RCN Editorial: A Convenient Lie.

| 19th March 2021 | 1 Comment
Alric Lindsay. Independent candidate for George Town South.

Sent in by: Alric Lindsay.

Over the next couple of weeks, you will continue to hear that the government did not have an option and was forced to dissolve Parliament.  This is a convenient lie.  Set out below is an explanation of why.

Appointment of the speaker

Our constitution provides that the speaker shall be appointed by a majority vote of the elected members of Parliament at the first sitting of Parliament after a general election.  If a vacancy occurs, the members of Parliament can simply appoint another person as speaker from inside or outside Parliament who is qualified to be elected as a member of Parliament.

Leaving the office of speaker 

The constitution includes a menu of options for a vacancy to be created for the office of the speaker.  These options are (i) the resignation in writing by the speaker addressed to Parliament; (ii) the passing by the votes of two-thirds of the elected members of Parliament of a motion expressing no confidence in him or her as speaker; (iii)  if, on or after the date of his or her election as speaker, he or she is a party to any contract with the government and he or she does not disclose to Parliament the nature of such contract and his or her interest in it and the Parliament does not exempt him or her from vacating his or her office; (iv) where the speaker becomes a minister and (v) upon a dissolution of Parliament. 


As you can see from the above, the government could have asked the speaker to resign the position as speaker or pass a vote of no confidence.  Following this, they could have simply appointed another person as speaker.  In that case, the speaker would have remained as a member of Parliament, regardless of where he sat within Parliament.  During the transition, there was no reason to dissolve Parliament and the Governor was not legally compelled to agree to a dissolution, even acting after consultation with the Premier.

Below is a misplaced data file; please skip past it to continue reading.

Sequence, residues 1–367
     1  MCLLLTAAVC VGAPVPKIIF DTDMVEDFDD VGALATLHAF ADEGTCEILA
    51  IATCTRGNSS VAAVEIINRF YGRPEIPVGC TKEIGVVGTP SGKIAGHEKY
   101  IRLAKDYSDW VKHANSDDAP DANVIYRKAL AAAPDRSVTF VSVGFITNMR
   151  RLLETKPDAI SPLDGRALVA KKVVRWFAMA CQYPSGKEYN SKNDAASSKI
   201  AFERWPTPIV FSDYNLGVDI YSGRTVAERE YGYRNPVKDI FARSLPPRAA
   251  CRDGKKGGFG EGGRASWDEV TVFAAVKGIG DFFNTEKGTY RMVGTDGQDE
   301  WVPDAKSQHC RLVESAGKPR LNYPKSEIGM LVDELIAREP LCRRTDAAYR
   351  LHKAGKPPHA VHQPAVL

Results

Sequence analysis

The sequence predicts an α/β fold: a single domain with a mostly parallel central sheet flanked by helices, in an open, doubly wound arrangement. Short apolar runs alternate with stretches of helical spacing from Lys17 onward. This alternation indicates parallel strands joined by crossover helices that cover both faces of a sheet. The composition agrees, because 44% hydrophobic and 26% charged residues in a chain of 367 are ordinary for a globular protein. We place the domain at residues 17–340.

Even if the speaker was no longer a member of Parliament, if the governor did not issue a proclamation of dissolution, a bye-election could have been held to fill the vacant seat in Parliament.

The real reason that the choice of dissolution was made

Having established that other options were available to the ruling government, we now know that the dissolution of Parliament was a conscious choice made by the ruling government and was not something forced upon them.  They could have called a special meeting to pass a vote of no confidence or could have supported the calling of the special meeting by other members of Parliament.  Instead, political strategy was deployed and the request for a special meeting by other members of Parliament was ignored.  In doing this, the ruling government avoided any potentially politically embarrassing situation where the speaker may have aired dirty laundry of those who opposed him during the Parliamentary hearings for a vote of no confidence.   I would be inclined to agree with the observations of veteran voters in this regard when they say that certain members of the ruling government may have been in fear because the speaker probably “knows where all the bodies are buried”.  And now that it is election time, we, the voters, are expected to develop short term memory syndrome and forget that members of the ruling government were silent when their voices and action were required the most.  Fortunately, memories are long during covid19 and voters will recognise those who are now being disingenuous, ultimately voting them out of Parliament.  

Category: RCN Editorial Board

About the Author ()

John Fleming is the founder and General Manager of Real Cayman News. He started Real Cayman News in December 2020 and covered the Skylar Mack trial and the 2021 Election. He used to contribute regularly to the Daily Caller and is an independent Marketer.

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  1. Anonymous says:

    Truth from Alric

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